— Corey Masisak, for the Tribune-Review

defending ovechkin: constant pressure

After the Penguins eliminated the Washington Capitals from the Stanley Cup playoffs in 2009, former defenseman Rob Scuderi revealed the formula for their success.

"He wasn't going to score enough to beat us by himself," Scuderi said, referring to Capitals star Alex Ovechkin.

Ovechkin scored eight goals in that seven-game series but only three over the final four games — three of which the Capitals lost.

The Penguins didn't make "a whole lot of adjustments" as that series went on, Scuderi said.

His former teammates haven't made many against Ovechkin since. They haven't needed to, apparently.

"I don't see him doing any details on the ice differently," said Kris Letang, who with his defensive partner Brooks Orpik worked against Ovechkin's line in a win at Washington on Dec. 23.

Added Orpik: "When I watch him play he's still similar. He's got a great one-timer, and he loves playing that off side. ... He can beat you a lot of ways. I don't think, and it's just my opinion, he's changed much."

The Letang-Orpik pairing will draw the Ovechkin assignment again today at Heinz Field for the Winter Classic, and each player is well studied in how Ovechkin has scored 25 goals in 28 games (including playoffs) against the Penguins.

"He tries to beat you one-on-one all the time," Orpik said. "I don't know if you can invite it, that's just the way he plays. (New Jersey's Ilya) Kovalchuk does the same thing. They get their legs going through the neutral zone, and it seems like they just want to beat one guy."

Ovechkin's tendency to challenge a defenseman is known around the league, Orpik said. That is the reason most teams have mirrored the Penguins' strategy of a tight backcheck designed to keep him near the boards.

Not that pinning Ovechkin to the outside is easy.

"You try to play close to him, just stay close and try to pressure every time," center Evgeni Malkin said. "It's good to do because sometimes he shoots, but always he tries to beat you one-on-one. That pressure he puts on himself, so you backcheck and try to make him do it near the defensemen."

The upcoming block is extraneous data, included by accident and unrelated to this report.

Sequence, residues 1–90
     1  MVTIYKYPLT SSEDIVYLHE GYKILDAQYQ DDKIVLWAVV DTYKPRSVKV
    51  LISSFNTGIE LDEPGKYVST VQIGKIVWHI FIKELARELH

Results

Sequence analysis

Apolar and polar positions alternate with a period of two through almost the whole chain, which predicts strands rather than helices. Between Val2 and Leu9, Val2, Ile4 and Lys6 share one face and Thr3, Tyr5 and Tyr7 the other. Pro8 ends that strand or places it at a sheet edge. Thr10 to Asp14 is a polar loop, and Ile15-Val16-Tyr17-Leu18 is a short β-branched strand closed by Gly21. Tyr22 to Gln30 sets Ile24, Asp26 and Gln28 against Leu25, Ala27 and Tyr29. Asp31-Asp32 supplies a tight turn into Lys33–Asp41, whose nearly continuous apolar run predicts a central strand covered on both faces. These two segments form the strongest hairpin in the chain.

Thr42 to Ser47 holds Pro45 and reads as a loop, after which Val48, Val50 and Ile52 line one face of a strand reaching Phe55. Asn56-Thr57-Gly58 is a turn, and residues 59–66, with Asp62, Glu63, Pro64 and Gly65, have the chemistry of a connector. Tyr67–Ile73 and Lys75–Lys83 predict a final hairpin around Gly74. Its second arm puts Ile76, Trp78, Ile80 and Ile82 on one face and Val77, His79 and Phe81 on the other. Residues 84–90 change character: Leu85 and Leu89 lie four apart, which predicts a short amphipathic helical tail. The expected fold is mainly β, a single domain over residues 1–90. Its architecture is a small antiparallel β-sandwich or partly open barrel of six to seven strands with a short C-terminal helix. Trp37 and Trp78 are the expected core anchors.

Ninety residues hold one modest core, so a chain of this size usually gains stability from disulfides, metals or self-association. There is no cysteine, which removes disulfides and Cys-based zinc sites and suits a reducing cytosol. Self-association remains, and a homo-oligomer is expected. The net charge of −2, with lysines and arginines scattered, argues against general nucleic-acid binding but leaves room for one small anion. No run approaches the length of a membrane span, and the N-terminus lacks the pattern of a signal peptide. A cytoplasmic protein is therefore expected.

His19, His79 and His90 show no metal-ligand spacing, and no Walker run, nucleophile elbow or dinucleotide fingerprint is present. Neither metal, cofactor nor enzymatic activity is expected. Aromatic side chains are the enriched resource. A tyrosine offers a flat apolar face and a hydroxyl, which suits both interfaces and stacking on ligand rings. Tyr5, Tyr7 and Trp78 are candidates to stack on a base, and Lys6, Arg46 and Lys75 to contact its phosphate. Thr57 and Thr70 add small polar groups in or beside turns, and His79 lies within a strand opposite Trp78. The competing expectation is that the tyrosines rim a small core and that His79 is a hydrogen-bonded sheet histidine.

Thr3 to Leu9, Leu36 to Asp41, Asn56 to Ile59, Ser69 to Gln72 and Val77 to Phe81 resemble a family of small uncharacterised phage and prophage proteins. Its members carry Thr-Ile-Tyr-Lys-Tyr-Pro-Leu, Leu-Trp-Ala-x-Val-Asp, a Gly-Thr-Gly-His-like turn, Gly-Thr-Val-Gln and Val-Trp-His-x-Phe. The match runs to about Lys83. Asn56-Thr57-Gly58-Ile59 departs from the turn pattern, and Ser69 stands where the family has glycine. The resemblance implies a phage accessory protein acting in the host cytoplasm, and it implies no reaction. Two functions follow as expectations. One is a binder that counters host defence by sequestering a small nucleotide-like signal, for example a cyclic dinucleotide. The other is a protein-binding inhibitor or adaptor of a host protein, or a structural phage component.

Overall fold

Of course, video highlights are plentiful showing Ovechkin bursting beyond a backchecking forward and past or around a defenseman. His consistency at getting shots has forced Penguins goalie Marc-Andre Fleury to alter his approach.

"I get ready a little quicker when he's coming down," he said. "You don't want to be too wild because then you've got to recover. You've got to be out there but not overplay him."

Ovechkin has scored 14 goals this season, on pace for 29. His single-season low is 46, and he has posted at least 50 markers every other NHL season.

Despite the sentiments of Letang and Orpik, there is a growing opinion among the hockey community that Ovechkin is adapting his game. His pace for 58 assists would place him one off his career high established last season.

Penguins defenseman Paul Martin subscribes to that theory, describing Ovechkin as "more two-dimensional."

"He's more of a passer now," he said. "When he was younger he'd just get it and go. He's good at changing his stick angle to get his shot off, and now with him passing more too it makes him tougher to defend."

Said Penguins assistant coach Todd Reirden, "I've seen him get a great shot off from his knees. He needs to be recognized every time he's on the ice."

— Rob Rossi, Pittsburgh Tribune-Review